A Grin to Bear It
Jim Feast and Ron Kolm, Neo Phobe (Autonomedia, 2006)
Jim Feast’s novel Neo Phobe, written with Ron Kolm, is a shaggy monster of a book, redolent of meta-narrative and deconstructionism and word and mind games reminiscient of the the ‘70s heyday of Donald Barthelme and Tom Robbins. The novel is ostensibly a crime mystery, but it is leavened with so much postmodern gamesmanship and scabrous jokery that the plot quickly and transparently becomes a springboard for metaphysical and sociological conceits, with decidedly uneven results.
Feast’s novel resists summary, but for what it is worth, the book tells the story of the Neo Phobes, a group of beer-drinking part-time poets and philosophes who unwittingly stumble upon clues regarding a string of rape/kidnappings. The multiple protagonists enthusiastically decide to solve the crime, partly with an eye to turning their account of the case into a bestseller. All manner of skulduggery ensues, revolving primarily around a running confrontation with Operation Savior, an anti-abortion church group attempting to use computer projection to re-program the minds of the heathen. In cracking the case, the Neo Phobes become entangled in an undercover sting operation to a mental hospital, an anti-abortion rally gone astray, a Mafia kidnapping, extensive computer hacking, a motorcycle chase, several shootings and stabbings, an attempted rape, and lots and lots of sex, drinking, and barroom pontificating.
If all this sounds chaotic, it is, although Neo Phobe has it merits. Feast and Kolm are obviously bright and literate, and underneath the freewheeling literary roadshow is a thread of serious contemplation of engaging issues: the role of evangelism and faith in society; gender roles in the workplace and elsewhere; the decline of capitalism and its implications for the individual. Feast’s thinking, as best it can be adduced, defies categorization: the anti-abortion cleric Tamilwire, for example, is a nuanced character capable of remorse and self-reflection rather than the cut-out caricature one might expect. The book is often quite funny, as well, with a palpable delight in weirdness and slapstick that runs in refreshing counterpoint to the somber tone of so much recent literature. The book rides a manic energy that conveys a sense of joie de vivre and play, rare in an age oversaturated with dread.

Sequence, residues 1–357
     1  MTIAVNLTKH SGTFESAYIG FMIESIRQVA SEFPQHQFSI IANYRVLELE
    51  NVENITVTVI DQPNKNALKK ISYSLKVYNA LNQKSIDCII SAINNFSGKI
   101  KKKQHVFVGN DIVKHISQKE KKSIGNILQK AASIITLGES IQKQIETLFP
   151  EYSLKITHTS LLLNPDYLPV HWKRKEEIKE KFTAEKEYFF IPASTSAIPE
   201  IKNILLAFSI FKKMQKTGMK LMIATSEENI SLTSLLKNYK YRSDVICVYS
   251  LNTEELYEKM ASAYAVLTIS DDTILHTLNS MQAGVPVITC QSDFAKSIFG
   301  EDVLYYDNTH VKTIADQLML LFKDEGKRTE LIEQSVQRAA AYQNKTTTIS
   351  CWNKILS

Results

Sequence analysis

Unfortunately, however, the overall effect of the novel is hampered by a variety of serious deficiencies. The prose is at times shockingly clumsy; Feast has a near-endless supply of similes (a pistol lying on the street is “like a petal blown off a flowering apple tree,” a glum mood is “hardening like quick-drying cement,” a line of protesters appear “as solid as St. Patrick’s Cathedral,” an attractive woman is “like a fresh corsage thrown into a park of wilted flowers,” etc.), and when metaphors are released with such indiscriminate abandon it is inevitable that not many of them will reach a level of Donnean precision. The manic sprawl of the plot has as its price a diffusion of narrative clarity; this reader found it difficult to keep track of the various characters and subplots, not a sophisticated objection, perhaps, but an unanswerable one. The Neo Phobes are based, not very loosely, one suspects, on the underground poetic collective the Unbearables, of which Feast and Kolm are members; yet for a quasi-roman a clef the characters are disappointingly insubstantial.